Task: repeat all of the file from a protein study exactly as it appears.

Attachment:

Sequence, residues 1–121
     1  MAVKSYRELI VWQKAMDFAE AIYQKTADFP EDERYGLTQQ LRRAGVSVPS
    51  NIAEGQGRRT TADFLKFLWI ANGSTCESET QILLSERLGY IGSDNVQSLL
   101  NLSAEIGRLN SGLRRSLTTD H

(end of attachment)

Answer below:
Sequence, residues 1–121
     1  MAVKSYRELI VWQKAMDFAE AIYQKTADFP EDERYGLTQQ LRRAGVSVPS
    51  NIAEGQGRRT TADFLKFLWI ANGSTCESET QILLSERLGY IGSDNVQSLL
   101  NLSAEIGRLN SGLRRSLTTD H